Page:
A raucous, absorbing excursion back to the 1960s and ’70s.



A remembrance of an American underground newspaper, as presented by former staffers.

This collection of articles, editorials, and artwork honors the Rag, Austin, Texas’ storied underground newspaper that lasted from 1966 to 1977. Dedicated to keeping Austin weird (before the bumper stickers that carried that motto), the paper was a paean to the counterculture and all it entailed—everything from anti-war articles and chronicles of social change (civil rights, women’s liberation) to Gilbert Shelton’s legendary comic strip “The Fabulous Furry Freak Brothers,” which premiered in the Rag in May 1968. Staffers called the paper “A miracle of functioning anarchy,” which seems accurate, and this history is as comprehensive as it is authentic. Some pieces are a bit scattershot in style, but to borrow the vernacular of its time, the Rag was mostly right-on, covering such milestones as the 1968 Democratic Convention, the 1969 Woodstock music festival, and the 1970 Kent State shootings. However, the book is more than a reprise of the counterculture’s greatest hits. True, the usual suspects show up as subjects, including Allen Ginsberg (who’s interviewed here) and Bob Dylan, but the collection doesn’t just trade in nostalgia; it’s too honest for that. Some pieces get bogged down in local politics—such as a detailed account of an 1972 Austin bus strike—but for the most part, they reflect the splintered national psyche as it was. And on occasion, they’re eerily prescient; for example, in one 1968 essay that mentions the assassinations of John and Robert Kennedy and the Rev. Martin Luther King, the author wonders, “Will John Lennon be next?” Most of all, this book reminds readers that everything old is indeed new again—or perhaps never went away. Consider this excerpt from 1969: “good jobs are not always open to women, women are paid less than men for the same kind of work, women are promoted less frequently than men, and are less likely to be ‘at the top.’ ” Sadly, that could’ve been written yesterday.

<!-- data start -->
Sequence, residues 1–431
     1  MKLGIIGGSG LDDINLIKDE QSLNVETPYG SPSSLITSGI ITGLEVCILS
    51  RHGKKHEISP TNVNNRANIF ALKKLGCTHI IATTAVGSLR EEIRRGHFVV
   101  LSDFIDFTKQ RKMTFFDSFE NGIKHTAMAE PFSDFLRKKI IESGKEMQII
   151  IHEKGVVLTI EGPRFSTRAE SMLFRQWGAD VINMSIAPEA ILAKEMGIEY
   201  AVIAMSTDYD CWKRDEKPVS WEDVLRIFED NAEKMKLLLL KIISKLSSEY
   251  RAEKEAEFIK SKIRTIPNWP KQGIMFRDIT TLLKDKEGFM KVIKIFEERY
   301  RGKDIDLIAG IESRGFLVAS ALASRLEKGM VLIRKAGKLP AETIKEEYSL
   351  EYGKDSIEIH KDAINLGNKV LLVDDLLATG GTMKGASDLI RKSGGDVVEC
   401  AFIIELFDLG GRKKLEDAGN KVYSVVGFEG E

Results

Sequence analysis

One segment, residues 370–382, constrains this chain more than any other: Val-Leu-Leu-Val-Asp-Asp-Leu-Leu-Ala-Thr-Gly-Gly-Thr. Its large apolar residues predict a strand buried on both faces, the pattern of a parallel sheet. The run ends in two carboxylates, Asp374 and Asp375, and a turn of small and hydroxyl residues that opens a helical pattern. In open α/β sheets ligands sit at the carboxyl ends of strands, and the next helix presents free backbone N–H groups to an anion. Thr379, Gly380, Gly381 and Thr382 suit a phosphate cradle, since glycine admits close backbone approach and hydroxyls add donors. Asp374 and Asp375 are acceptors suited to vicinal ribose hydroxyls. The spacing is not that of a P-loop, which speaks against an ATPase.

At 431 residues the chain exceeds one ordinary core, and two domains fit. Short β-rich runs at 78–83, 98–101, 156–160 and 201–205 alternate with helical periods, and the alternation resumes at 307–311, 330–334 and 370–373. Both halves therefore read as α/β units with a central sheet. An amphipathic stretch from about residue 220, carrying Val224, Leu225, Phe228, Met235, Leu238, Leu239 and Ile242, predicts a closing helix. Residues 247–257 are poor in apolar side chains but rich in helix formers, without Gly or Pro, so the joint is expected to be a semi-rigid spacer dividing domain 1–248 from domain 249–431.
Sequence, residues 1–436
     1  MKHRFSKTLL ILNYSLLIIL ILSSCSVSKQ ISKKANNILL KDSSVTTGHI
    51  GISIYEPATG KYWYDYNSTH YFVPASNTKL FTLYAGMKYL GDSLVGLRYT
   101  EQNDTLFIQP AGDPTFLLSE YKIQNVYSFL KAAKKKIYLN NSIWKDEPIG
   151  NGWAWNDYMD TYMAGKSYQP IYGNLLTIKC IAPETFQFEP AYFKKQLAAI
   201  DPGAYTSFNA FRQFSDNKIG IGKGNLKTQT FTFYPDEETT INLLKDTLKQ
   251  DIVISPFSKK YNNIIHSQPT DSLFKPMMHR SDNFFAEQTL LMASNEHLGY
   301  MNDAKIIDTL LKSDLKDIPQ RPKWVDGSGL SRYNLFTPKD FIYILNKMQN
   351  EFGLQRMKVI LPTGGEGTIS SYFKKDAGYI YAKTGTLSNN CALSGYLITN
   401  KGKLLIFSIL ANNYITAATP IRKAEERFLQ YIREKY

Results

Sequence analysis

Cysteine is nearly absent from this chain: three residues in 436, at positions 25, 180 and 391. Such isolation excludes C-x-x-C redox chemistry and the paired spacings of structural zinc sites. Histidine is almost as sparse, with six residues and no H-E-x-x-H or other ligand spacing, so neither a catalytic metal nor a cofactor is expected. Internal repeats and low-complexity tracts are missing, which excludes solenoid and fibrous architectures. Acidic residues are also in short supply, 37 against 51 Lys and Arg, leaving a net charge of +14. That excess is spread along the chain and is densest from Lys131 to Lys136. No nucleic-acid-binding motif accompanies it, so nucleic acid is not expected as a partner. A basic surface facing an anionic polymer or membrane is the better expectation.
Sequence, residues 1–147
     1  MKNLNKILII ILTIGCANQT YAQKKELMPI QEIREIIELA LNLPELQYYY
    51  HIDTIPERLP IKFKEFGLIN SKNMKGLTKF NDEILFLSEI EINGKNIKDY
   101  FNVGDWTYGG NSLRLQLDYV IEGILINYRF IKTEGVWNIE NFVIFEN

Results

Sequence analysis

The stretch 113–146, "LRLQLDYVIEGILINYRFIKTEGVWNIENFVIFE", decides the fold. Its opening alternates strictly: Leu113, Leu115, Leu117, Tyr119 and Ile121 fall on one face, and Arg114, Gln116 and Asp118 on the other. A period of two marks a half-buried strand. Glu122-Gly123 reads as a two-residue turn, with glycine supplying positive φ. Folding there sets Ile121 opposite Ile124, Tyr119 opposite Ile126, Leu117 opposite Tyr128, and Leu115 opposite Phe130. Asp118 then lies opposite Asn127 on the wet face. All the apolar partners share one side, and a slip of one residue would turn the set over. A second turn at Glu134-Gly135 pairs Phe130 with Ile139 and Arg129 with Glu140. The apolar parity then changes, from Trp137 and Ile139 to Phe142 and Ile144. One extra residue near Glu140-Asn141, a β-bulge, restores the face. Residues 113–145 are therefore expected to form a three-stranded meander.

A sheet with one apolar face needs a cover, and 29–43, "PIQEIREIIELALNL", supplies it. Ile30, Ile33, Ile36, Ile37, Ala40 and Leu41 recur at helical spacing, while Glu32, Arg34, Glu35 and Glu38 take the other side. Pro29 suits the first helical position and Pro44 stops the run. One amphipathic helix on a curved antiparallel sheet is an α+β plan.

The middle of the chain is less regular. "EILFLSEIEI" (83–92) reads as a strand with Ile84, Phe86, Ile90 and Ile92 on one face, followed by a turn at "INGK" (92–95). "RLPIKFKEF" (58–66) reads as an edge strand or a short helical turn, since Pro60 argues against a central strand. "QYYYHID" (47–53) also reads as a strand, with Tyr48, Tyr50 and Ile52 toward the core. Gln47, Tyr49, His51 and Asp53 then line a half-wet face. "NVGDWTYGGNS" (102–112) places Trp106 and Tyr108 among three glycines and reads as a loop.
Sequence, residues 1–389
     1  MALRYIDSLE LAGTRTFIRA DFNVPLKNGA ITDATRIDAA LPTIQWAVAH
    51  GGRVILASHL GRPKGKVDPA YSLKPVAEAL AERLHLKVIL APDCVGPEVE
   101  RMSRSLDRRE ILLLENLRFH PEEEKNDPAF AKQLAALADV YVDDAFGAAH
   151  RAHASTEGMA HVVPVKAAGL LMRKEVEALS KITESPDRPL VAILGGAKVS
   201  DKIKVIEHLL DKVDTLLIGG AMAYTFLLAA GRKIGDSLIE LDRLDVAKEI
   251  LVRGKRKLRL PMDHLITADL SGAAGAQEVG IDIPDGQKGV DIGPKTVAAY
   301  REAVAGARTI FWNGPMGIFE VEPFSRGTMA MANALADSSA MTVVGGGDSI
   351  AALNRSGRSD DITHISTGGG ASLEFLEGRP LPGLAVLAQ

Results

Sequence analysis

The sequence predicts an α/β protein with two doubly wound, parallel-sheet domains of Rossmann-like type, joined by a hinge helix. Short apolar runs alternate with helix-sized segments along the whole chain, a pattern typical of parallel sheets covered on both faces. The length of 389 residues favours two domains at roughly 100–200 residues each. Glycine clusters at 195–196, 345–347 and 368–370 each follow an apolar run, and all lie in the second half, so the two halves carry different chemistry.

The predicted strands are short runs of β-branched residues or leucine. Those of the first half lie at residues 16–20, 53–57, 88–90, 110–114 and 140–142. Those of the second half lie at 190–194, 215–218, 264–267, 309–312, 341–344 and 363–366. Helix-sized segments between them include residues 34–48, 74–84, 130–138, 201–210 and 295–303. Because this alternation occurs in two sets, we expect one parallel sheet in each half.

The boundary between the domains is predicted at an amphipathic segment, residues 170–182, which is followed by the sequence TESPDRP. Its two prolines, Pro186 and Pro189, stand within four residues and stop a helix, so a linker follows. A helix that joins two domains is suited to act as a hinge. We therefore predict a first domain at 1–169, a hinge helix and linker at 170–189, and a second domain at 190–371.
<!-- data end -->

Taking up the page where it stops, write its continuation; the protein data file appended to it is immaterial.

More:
A raucous, absorbing excursion back to the 1960s and ’70s.

Pub Date: Oct. 26, 2016

ISBN: 978-1-365-39054-8

Page Count: 316

Publisher: Lulu

Review Posted Online: April 10, 2017

Kirkus Reviews Issue: May 15, 2017

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The author's youthfulness helps to assure the inevitable comparison with the Anne Frank diary although over and above the...


Elie Wiesel spent his early years in a small Transylvanian town as one of four children. 

He was the only one of the family to survive what Francois Maurois, in his introduction, calls the "human holocaust" of the persecution of the Jews, which began with the restrictions, the singularization of the yellow star, the enclosure within the ghetto, and went on to the mass deportations to the ovens of Auschwitz and Buchenwald. There are unforgettable and horrifying scenes here in this spare and sombre memoir of this experience of the hanging of a child, of his first farewell with his father who leaves him an inheritance of a knife and a spoon, and of his last goodbye at Buchenwald his father's corpse is already cold let alone the long months of survival under unconscionable conditions.